photographer brandon stanciell is dismantling stereotypes of black masculinity
His new series, '37 Niggas,' is a self-exploration into his own blackness.
Photo by Brandon Stanciell
What would you say if you saw a group of 37 shirtless black men standing together in a field? This is the question that 25-year-old Los Angeles-based photographer Brandon Stanciell posed when contemplating what to name his latest photography series. Stanciell eventually settled on 37 Niggas, a provocative but what he considers a fitting name for a project he hopes will change the way society looks at black men and black masculinity.
The series features portraits of 37 shirtless Black men adorned with tiny white flowers tucked behind their ears and in their hair. In each image the men, who were either cast from Instagram or are friends of Stanciell, appear in front of a black, red, and green fabric backdrop, which replicates the image of the Pan-African flag, an iconic symbol of African unity. Stanciell’s staging of this scene was purposeful — he “wanted people to see how different and vast our blackness is.”
Blackness is at the center of 37 Niggas which he plans to develop further over the next few months. In the following interview, Stanciell explains how his own exploration into blackness and the negative images shown of black men inspired this series and sparked a desire in him to further dismantle what he considers to be a monolithic and toxic idea of black men and black masculinity.
What’s the meaning behind your series 37 Niggas?
37 Niggas, for me, was and is a self exploration into my own blackness and being a Black man as a whole. I wanted to understand why I felt uncomfortable in my own skin growing up, and I wanted to see if there were other Black men out there too that may have felt the same way. I also wanted to challenge the way Black men are constantly seen in society.
What inspired the name?
I tried to imagine what someone would say if they saw 37 Black men shirtless in a field together. Obviously, with its historical background, the use of the word 'Nigga' has been known to be taboo. But we continue to use it to this day and even within our own community. I wanted to take something that has kind of always had a negative connotation towards it and associate it with something positive, while also challenging the way society sees black men as a whole. I do not believe that the black man is simply defined by the color of his skin, but how he chooses to carry himself within his community.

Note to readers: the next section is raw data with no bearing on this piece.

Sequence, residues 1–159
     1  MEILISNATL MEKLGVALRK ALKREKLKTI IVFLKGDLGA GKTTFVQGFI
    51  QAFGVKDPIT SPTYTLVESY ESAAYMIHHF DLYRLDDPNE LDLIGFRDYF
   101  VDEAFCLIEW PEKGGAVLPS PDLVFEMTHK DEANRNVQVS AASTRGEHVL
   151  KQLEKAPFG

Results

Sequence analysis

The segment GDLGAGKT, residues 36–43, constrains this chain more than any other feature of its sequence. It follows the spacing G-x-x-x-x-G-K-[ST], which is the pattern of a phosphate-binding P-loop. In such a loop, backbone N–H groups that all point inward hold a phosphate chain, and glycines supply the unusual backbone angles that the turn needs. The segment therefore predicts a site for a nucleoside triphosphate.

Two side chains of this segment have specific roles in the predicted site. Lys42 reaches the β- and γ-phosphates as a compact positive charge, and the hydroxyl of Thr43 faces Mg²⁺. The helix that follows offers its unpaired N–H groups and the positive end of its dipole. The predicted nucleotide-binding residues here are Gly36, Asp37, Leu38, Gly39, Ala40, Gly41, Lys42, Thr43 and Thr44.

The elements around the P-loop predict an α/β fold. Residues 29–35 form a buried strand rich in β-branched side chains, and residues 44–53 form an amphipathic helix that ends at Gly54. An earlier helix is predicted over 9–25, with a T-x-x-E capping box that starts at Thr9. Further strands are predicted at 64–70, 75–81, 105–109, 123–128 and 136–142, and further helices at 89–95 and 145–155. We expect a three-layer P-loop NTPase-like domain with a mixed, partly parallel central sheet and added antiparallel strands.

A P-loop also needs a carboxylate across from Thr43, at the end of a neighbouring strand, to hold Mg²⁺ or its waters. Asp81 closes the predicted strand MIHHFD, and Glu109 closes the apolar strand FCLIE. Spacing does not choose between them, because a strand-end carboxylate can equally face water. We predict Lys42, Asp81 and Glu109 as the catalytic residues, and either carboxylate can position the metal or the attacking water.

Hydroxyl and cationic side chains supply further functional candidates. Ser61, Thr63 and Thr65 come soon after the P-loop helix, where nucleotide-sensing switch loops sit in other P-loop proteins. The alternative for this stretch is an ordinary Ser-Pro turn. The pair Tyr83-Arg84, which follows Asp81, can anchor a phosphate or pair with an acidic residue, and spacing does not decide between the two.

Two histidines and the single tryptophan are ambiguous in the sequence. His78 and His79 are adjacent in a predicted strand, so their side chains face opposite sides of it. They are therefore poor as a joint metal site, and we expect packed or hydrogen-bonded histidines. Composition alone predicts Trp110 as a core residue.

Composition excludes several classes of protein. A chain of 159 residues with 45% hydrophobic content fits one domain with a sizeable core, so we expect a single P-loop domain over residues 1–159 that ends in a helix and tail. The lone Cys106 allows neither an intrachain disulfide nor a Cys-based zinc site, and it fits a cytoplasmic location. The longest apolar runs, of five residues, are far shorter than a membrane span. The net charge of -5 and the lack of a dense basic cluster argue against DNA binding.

Why stage the models shirtless with flowers?
The flowers are a signature of mine from when I first began shooting my portrait series Thinker of Tender Thoughts and The Man Who Loved Flowers. I wanted to show the continuing theme of challenging masculinity with the use of flowers in my work. They say flowers are for girls but why not for boys too? With the men shirtless, they appear naked or vulnerable. I wanted them to be seen for who they really were and not clothed behind something or hiding behind anything. I also asked them to bring something of significance to them, whether it being a rook or a record, something that complimented them as a person.
What pressures have you yourself experienced as a black male artist?
With being a black male artist you question whether or not this is the path rightly chosen. Growing up I didn't see many black men or learn about black men who took photos or who were artists. Only those in music and in sports and it sort of messes with your psyche. You start to think that you won't be successful if you’re not one or the other.
Who are some of your biggest inspirations?
Deana Lawson for sure has to be one of my biggest inspirations. I feel like with her being an identical twin and me being an identical, we sort of relate in some weird way. Her use of light and composition is something I admire the most about her work. Also Kerry James Marshall. For some reason when I saw his work in person for the first time it sparked such a fire in me. I just really admire seeing black people creating beautiful work that is authentic and has meaning and I aim to inspire other individuals as they did me.
What other stories are you interested in telling about the black male experience?
I interviewed each person that participated in this project and asked them what it felt like being black in today’s society. I want people in and outside of our community to see how Black men are living today and what issues they may have faced growing up to make them who they are today.
What else do you have in the works for 37 Niggas?
I plan on having a portrait show at the end of January 2019. The actual date and location are still TBD! I also plan on doing the same concept, but in New York and do an art show our there as well. I think it'd be beautiful to see the contrast between black men and their experiences on the east coast and black men and their experiences on the west coast.